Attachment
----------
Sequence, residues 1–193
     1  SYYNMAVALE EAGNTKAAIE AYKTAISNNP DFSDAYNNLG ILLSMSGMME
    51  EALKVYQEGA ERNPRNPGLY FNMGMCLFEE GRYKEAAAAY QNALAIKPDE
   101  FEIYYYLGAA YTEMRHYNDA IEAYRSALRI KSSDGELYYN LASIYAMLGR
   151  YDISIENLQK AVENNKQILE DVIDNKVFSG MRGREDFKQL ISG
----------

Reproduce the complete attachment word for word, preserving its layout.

Sequence, residues 1–193
     1  SYYNMAVALE EAGNTKAAIE AYKTAISNNP DFSDAYNNLG ILLSMSGMME
    51  EALKVYQEGA ERNPRNPGLY FNMGMCLFEE GRYKEAAAAY QNALAIKPDE
   101  FEIYYYLGAA YTEMRHYNDA IEAYRSALRI KSSDGELYYN LASIYAMLGR
   151  YDISIENLQK AVENNKQILE DVIDNKVFSG MRGREDFKQL ISG